Introduction:Adrenal lymphoma is a rare condition which may occur in one of two forms; either as primary adrenal lymphoma (PAL), or secondary to a systemic lymphoma. Primary adrenal lymphoma is a very rare diagnosis and the most common histological pattern is diffuse large B-cell non‑Hodgkin lymphoma.
Objectives:In this study, we represent two examples of adrenal lymphoma, primary and secondary. In addition, we have included a mini-review of the literature regarding this rare presentation.
Patients and Methods:We retrospectively reviewed all patients who were diagnosed with adrenal lymphoma in our hospital. We represent mainly the most two challenging cases where adrenal surgery was required to confirm the diagnosis. We have included a mini-review of the literature (PubMed data base: 1990 - 2020) on the clinical presentation and management of adrenal lymphoma cases.
Results:Seventeen patients had adrenal lymphoma in our hospital; 16 of them had secondary involvement of the adrenal gland, while the last one had primary adrenal lymphoma. Patients with adrenal lymphoma mainly present with fever, lumbar pain, and/or symptoms of adrenal insufficiency. Primary adrenal lymphoma usually appears as heterogeneous complex large masses with low density on computerized tomography (CT) scan or magnetic resonance imaging (MRI); however, there is no pathognomonic features to diagnose PAL. The diagnosis is confirmed only with tissue biopsy. Chemotherapy is generally the standard treatment for lymphoma, while the role of surgery is limited.
Conclusions:The prognosis of these rare cases is generally poor with only about a third of patients achieving partial or complete remission following treatment.
Although the adrenal glands contain no lymphoid tissue, secondary adrenal lymphoma is responsible for about 4% to 5% of all non-Hodgkin lymphoma (NHL) cases (1). On the other hand, primary adrenal lymphoma (PAL) is rare and accounts for less than 1% of all extranodal lymphomas (2). The majority of patients with PAL have bilateral disease at diagnosis unlike secondary involvement which is usually unilateral (3). The most prevalent subtype of PAL is diffuse large B-cell lymphoma, which affects roughly 70% of patients (3, 4). Primary adrenal lymphoma typically affects elderly patients, involving bilateral adrenal glands with an average diameter of 8 cm. In addition, the presence of an extra-adrenal disease at the time of diagnosis is uncommon (5-7). Because of its generic signs, the diagnosis of PAL is usually difficult and pathological examination is the only approach to establish the diagnosis (8). The role of surgery for the management of PAL remains controversial and has been associated with poor prognosis (3). Generally, PAL has poor prognosis, with a 17.5 percent one-year survival rate (3).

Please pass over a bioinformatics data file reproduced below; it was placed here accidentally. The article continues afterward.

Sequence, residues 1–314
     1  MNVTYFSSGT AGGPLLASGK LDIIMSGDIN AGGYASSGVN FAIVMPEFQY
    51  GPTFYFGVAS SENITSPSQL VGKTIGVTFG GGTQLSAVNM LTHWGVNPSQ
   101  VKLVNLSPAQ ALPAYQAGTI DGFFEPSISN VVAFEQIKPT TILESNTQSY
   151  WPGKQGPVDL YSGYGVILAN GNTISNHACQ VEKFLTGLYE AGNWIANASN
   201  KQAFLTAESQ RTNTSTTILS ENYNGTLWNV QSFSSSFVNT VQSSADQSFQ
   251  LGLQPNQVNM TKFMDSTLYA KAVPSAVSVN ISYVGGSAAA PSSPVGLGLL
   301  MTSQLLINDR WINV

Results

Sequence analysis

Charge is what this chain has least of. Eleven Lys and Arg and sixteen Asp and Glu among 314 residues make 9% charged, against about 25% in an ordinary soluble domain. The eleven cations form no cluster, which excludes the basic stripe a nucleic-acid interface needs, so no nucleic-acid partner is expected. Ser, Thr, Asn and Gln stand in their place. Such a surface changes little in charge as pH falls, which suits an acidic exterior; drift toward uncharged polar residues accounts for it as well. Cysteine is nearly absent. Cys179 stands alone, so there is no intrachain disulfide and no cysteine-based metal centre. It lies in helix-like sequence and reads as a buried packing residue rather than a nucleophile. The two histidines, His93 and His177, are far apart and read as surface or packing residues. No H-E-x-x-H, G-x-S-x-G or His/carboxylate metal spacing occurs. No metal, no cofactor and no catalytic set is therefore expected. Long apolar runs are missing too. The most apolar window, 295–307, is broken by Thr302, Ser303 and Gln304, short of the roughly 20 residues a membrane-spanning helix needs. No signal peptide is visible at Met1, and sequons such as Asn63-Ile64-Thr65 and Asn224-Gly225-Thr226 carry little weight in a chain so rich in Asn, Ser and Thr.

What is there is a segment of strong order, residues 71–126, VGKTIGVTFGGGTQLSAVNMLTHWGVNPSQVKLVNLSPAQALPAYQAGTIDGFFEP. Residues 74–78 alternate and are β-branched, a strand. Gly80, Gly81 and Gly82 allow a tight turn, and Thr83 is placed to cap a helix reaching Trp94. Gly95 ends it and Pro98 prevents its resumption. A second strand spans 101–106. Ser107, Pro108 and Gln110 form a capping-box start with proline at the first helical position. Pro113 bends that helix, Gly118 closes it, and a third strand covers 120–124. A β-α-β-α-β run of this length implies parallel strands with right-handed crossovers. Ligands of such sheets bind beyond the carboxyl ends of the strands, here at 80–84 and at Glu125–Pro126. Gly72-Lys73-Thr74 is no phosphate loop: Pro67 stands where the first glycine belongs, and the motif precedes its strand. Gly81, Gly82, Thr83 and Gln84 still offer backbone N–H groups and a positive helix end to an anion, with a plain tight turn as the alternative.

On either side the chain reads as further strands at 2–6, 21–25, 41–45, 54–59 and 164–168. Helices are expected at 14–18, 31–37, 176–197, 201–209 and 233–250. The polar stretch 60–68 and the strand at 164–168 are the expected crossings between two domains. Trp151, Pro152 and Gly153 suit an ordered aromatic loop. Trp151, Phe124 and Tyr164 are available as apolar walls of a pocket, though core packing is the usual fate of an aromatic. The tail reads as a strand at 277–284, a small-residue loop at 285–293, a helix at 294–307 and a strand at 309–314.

Here, of 17 patients diagnosed with adrenal lymphoma in our hospital, we represent the most two challenging cases where the diagnosis was confirmed only after adrenalectomy; one primary and one secondary, in addition to including a mini-review of the literature.
2. Case Presentation
2.1. Case Report 1
Sixty-seven years old male patient presented with a 5-week history of nausea, weight loss, and epigastric ache. The patient was HIV positive and had a past medical history of ulcerative colitis, asbestos exposure and moderate smoking. Computerized tomography (CT) abdomen showed bilateral enlarged adrenal glands up to 6 cm, they appeared well defined and homogeneous (Figure 1). On magnetic resonance imaging (MRI) scan, on T1 the adrenal glands appeared relatively homogeneous and of intermediate to low signal with no high signal acute haemorrhage. While, on T2-weighted and STIR, they showed no low signal macroscopic fat on STIR and no high signal cystic areas. WBC level was 3.8 × 109/L, Hb level was 9.1 g/dL and the PLT count was 268 × 109/L. Kidney and liver function tests were unremarkable. FSH, LH, Prolactin, Testosterone, serum SHBG, plasma metadrenaline and normetadrenaline levels all were within the normal limits. Histology from core biopsies was inconclusive. After discussion in the endocrine MDT, the decision was for adrenalectomy. The patient underwent laparoscopic right adrenalectomy and the final histology reported sections showing adrenal gland infiltrated by diffuse large B-cell lymphoma. The tumour cells were positive for CD20 and negative for CD3, Bcl6, CD5, CD10, AE1/AE3 and Bcl2. The proliferation rate, as assessed by Ki67, was in a range from 90 - 95%. Post-operatively, the patient was referred to the haematology team for chemotherapy with CHOP regimen. Rituximab was omitted as there was a concern that the patient was already significantly immunosuppressed from the treatment for his ulcerative colitis. Follow-up CT scan showed enlarged aorto-caval and coeliac axis lymph nodes with probable new lymphoma deposits in the right kidney and liver. Three months later, the patient had a large solitary supra tentorial left frontal parenchymal mass lesion measuring about 4 cm, which was confirmed to be metastatic diffuse large B-cell lymphoma. The patient passed away after two months.